Chinatown Crisis

Edmonton’s Chinatown is overwhelmed by the city's triple crisis of mental health challenges, addiction and homelessness. What can be done?

At 9:30 on a cold Tuesday morning, I meet Wen Wang at his tiny office in Chinatown. The street is empty except for a homeless man pushing a shopping cart full of possessions.

Storefronts are worn down and unwelcoming, and the tents of homeless people line nearby streets. Wang unlocks the door to let me in. “Whenever people talk about Chinatown, their first thought is, ‘Why do you go there?’” he says when we settle in. “Security is the number one thing.”

Chinatown is ground zero for Edmonton’s triple crisis of addiction, mental health and homelessness. Wang, as executive director of the Chinatown and Area Business Association, has been advocating for his community and the 130 members of his organization for the last three years.

While he is emphatic that he respects the work being done by nearby social service agencies, and he says the people who live on the streets need support and deserve respect, he points out that the Hope Mission, Boyle McCauley Health Centre and Boyle Street Community Services are all within a few blocks of Chinatown, as are three of the province’s seven supervised consumption sites.

“People come from all over the city to Chinatown to get the services,” he says. “We have many, many social agencies. They’re doing a great job, but it’s the number. Why do we have so much concentration in this one community?”

He tells me about the needle collection program the association started three years ago with Mustard Seed, a Christian social service agency based in the area. Clients of Mustard Seed are paid minimum wage to pick up hypodermic needles in and around Chinatown. “On average we pick up somewhere between 300 and 400 needles a month,” Wang says. “We start in spring, when the snow goes, and we go until December, 120 hours a month.”

Boyle Street Community Services bought this building at the northern edge of Chinatown. The agency wants to renovate it to expand and improve services. The Chinatown and Area Business Association is opposed to the move.

Chinatown has tried to bolster its own security. In the summer of 2020, Wang hired a security guard to patrol the neighbourhood, working eight hours a day for a two-month pilot project. Then, last June, after two men were killed in Chinatown, the association hired nine guards who work from 9 a.m. to 9 p.m. That work is supported by a $300,000 grant from the City of Edmonton. “It helps, but it’s for the short term,” Wang says. “Long term, it’s definitely policy.”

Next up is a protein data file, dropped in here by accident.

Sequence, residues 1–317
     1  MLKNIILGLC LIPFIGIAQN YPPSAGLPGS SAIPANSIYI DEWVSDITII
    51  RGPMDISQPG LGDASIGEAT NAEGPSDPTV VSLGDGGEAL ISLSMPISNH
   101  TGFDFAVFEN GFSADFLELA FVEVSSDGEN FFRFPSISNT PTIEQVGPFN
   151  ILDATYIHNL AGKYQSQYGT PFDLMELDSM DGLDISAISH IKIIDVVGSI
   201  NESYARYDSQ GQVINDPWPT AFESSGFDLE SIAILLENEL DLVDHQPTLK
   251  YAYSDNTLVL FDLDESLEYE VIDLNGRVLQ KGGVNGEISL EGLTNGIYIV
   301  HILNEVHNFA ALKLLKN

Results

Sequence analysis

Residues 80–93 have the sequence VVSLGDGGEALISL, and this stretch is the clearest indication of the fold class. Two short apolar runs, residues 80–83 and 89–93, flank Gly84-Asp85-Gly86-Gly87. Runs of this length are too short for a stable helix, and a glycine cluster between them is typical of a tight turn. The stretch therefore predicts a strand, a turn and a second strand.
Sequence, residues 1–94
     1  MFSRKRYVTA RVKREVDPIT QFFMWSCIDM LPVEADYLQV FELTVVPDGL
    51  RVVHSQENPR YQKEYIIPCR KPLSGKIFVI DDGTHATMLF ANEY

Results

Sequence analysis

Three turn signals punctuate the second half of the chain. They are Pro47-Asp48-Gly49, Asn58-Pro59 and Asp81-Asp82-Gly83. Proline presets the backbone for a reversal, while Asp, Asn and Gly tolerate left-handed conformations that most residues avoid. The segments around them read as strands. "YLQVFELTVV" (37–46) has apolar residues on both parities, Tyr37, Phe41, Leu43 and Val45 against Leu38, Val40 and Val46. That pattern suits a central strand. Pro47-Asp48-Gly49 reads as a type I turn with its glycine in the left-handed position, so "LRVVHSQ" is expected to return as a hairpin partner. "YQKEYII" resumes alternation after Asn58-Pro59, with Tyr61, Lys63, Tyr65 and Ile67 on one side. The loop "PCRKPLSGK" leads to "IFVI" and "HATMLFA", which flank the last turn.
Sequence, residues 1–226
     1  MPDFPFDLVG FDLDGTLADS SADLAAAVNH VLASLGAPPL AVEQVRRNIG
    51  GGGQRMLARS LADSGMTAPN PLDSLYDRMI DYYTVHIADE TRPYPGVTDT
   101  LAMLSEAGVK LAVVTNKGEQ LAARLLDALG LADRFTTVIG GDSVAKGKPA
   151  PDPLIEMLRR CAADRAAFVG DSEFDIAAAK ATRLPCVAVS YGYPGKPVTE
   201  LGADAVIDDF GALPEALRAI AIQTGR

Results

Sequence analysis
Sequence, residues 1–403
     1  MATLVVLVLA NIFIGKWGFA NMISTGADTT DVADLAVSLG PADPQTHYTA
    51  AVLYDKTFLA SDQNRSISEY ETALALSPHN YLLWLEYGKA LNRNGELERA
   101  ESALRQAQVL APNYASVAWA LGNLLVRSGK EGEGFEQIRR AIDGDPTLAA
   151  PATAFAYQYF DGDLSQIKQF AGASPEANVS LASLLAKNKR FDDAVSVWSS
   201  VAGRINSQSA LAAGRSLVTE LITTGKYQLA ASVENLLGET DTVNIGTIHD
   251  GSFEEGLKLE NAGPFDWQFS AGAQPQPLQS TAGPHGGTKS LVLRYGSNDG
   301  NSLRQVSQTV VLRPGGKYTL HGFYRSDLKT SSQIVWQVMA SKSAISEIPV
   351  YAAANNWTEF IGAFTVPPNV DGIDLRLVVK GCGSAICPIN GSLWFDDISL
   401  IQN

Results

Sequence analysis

On the policy front, in October the province announced $63 million in new funding to increase access to addiction services over the next two years in Edmonton, and $19 million to reduce homelessness. Then, earlier this month, the province announced a “task force” to “address social issues through a coordinated response between the province, city and local partners.”

City Councillor Anne Stevenson, whose O-day’min ward includes Chinatown, says she’s hopeful the announcements will lead to some “practical and actionable steps” to help the situation.

She was happy to see an additional $12 million go to Homeward Trust for new supportive housing. Now, she says, we need to ensure the people moving into those units have the supports they need. “We know there’s a huge shortage of treatment spaces, so people who come to a point where they are ready for treatment are often being turned away due to lack of capacity,” she says. “We’re also seeing that many people are turning to shelters only as an extreme last resort, when temperatures are closer to minus-10. That speaks to the importance of the minimum shelter standards, which I was thrilled to see are included in the province’s task force recommendations.”

A fire breaks out at a homeless encampment on a sidestreet in Chinatown.

Stevenson says she’s sympathetic to Wang’s concerns, and recognizes that the Chinatown business district has been under enormous pressure. “It’s been devastating for them,” she says. “It’s been devastating for a lot of community members. Some of those really important game changers include the minimum shelter standards. As those are more fully implemented that will go quite some way in terms of addressing some of the challenges.”

She also wants to see additional housing options so people can move from shelters into housing, ensuring that shelters act as a bridge into permanent housing and not as a permanent solution themselves.

Wang says those pressures compelled the Chinatown and Area Business Association to oppose Boyle Street Community Services’ application to rezone a property it has purchased and wants to move into. He is concerned the larger site will bring more people to the area and compound the problems, but Stevenson says social service agencies can coexist well with businesses and the broader community, provided the right supports are put in place. “That’s an area that has been hugely lacking,” she says. “These communities have been asked to take a large number of social service agencies, but without the corresponding supports and services from the City and other orders of government.”

As I leave Wang’s office and step back onto 97th Street, two police cars whiz by, sirens blaring. I turn the corner onto the sidestreet where I’d parked and see smoke billowing from among the tents. A propane stove had exploded and three unoccupied tents were burned. Nobody was hurt and, after the fire was extinguished, emergency services departed. The challenges remained.